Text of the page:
This compound is found in a plant called “Polygonum bistorta,” it’s a scientific name. Don’t get angry with us for quoting another tricky name, because this plant is simply known as Snakeweed in English. However, scientists have a way of complicating otherwise simple things, such that they can communicate only amongst themselves, because, as they say, science is not English.
And English is not science.
“This plant is used widely in Indian, Chinese and Japanese traditional medicine,” the good Doc said. “It is used to treat a whole battalion of deceases including measles, small pox, insects and snake bites, jaundice, and pimples.” It has been argued that especially the rhizomes (roots) of this plant have many active substances that have majority of the medicinal properties.
Now, Dr Pillai and his team were particularly interested in testing the anti-cancer properties of this plant. “Over time, we came to a conclusion that this plant may have potential as being anti-cancer,” he said.
How did they know? They isolated and identified many compounds found in this plant, especially in the rhizomes (roots). Many of the compounds they found had already been identified previously. But then, oops! They noticed a strange substance that resisted identification. Dr Pillai and his team knew they were on to something.
“We didn’t work on this new substance immediately,” he said. Remember, their objective was to check the anti-cancer properties of this plant, not to discover a new compound. “So we put work on this substance on hold.” When they finished with their work then they came back.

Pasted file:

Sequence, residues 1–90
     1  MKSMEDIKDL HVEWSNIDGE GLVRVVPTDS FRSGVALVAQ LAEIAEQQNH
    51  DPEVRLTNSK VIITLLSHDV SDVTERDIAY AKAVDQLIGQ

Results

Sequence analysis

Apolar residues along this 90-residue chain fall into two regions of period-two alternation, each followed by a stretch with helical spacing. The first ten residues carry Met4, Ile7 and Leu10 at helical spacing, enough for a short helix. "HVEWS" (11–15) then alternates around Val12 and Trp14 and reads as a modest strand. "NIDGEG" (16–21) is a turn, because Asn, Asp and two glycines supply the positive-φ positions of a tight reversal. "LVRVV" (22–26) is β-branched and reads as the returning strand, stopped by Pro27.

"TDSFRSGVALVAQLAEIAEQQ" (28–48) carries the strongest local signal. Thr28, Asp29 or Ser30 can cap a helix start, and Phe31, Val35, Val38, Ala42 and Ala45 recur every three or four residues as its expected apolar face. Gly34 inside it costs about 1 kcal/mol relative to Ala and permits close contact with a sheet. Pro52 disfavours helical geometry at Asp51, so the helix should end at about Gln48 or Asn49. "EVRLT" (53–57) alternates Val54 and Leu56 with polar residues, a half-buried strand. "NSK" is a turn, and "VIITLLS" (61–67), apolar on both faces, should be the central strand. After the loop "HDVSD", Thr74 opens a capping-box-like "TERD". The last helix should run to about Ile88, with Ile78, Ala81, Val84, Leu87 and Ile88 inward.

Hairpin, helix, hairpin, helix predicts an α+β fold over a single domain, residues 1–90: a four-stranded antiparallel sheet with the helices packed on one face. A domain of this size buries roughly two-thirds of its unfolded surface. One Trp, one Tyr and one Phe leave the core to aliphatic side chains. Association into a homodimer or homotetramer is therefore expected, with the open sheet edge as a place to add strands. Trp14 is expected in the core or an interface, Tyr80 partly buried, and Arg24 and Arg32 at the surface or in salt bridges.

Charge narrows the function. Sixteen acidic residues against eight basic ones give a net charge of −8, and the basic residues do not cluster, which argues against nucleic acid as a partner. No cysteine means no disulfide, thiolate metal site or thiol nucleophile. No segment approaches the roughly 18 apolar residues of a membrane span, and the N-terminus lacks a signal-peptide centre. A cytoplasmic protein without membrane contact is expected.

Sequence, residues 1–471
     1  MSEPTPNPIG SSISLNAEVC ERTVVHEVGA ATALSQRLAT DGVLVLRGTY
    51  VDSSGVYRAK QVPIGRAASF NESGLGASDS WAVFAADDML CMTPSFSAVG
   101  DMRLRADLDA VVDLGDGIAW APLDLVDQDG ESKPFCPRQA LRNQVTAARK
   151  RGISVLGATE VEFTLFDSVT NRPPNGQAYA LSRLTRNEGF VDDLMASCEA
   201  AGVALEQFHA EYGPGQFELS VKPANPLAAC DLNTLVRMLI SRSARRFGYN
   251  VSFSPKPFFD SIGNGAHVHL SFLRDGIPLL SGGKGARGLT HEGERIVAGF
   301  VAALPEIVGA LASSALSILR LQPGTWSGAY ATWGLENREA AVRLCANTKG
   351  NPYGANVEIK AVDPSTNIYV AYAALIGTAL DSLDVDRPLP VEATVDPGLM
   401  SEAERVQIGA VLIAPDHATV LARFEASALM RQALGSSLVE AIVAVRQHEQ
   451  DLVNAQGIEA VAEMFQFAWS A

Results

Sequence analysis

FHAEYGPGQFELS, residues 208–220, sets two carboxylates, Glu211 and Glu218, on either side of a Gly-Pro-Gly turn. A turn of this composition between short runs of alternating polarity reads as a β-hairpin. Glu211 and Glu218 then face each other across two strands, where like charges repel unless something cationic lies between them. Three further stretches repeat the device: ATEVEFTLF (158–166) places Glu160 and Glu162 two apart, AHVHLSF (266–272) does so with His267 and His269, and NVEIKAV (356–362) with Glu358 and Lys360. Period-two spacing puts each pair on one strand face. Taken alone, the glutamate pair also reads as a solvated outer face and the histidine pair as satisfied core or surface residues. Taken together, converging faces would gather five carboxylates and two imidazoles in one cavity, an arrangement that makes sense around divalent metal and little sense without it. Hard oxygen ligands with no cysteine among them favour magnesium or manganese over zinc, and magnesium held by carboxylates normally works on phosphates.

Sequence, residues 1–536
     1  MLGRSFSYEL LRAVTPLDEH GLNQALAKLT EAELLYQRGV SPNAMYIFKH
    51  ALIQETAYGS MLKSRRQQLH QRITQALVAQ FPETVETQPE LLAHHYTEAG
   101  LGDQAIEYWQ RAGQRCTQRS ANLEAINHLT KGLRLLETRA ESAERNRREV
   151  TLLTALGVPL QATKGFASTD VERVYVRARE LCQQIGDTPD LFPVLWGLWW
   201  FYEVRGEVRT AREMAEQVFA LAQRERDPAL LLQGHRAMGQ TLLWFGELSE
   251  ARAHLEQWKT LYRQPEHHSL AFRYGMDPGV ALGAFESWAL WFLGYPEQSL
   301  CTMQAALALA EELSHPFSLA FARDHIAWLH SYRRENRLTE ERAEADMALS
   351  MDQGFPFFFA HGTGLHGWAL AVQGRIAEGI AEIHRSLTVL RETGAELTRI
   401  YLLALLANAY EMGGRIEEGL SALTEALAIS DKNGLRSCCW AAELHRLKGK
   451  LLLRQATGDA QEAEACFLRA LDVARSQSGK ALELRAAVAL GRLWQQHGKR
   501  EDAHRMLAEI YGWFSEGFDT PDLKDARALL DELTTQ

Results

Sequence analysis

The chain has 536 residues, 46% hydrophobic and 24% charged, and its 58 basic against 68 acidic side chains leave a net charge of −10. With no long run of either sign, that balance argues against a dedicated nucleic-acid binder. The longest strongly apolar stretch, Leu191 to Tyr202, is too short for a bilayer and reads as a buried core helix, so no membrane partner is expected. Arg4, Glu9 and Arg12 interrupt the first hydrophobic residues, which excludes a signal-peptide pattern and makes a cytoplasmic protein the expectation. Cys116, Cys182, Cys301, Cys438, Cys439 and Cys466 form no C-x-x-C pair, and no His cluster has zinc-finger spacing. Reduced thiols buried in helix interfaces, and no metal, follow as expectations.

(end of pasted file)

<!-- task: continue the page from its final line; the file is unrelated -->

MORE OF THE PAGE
As any scientists will appreciate, identifying and confirming something new is not easy. “You can actually do your whole PhD thesis research work on finding new compounds,” Dr Pillai said.
So, they found that the compound was a penta-cyclic- triterpenoid.
Okay, if scientists make things complicated, we make things simple. So what is this? You know penta mean five eh? Yes. And cyclic means something that is circular? So this compound has five rings (a ring is circular—the married ones know this).
But what is triterpenoid?
“It is a class of organic compound,” Dr Pillai said. “For instance, we have monoterpenoids which have 10 carbons, we have diterpenoids which have 20 carbons and we have triterpenoids which have 30 carbons.”
So how did they identify this strange compound?
They first had to isolate the compound. They used chromatography in many forms such as Column Chromatography and High Performance Liquid Chromatography (HPLC) to get the pure compound. Then they used Thin Layer Chromatography to confirm the purity of the compound.
Don’t worry if you didn’t get that part. You can still sleep at night knowing fully well that you didn’t miss much.
To get the structure of the compound, they then used Magnetic Nuclear Resonance (NMR) in its many forms 1H NMR, 13C NMR, 2D NMR such as HMBC, COSY, HSQC-DEPT, and NOESY.
Again, you can still sleep at night knowing fully well that you didn’t miss much.
Dr Pilliai said he has done this work in collaboration with his mentors at the National University of Singapore, "whom I give so much credit," he said.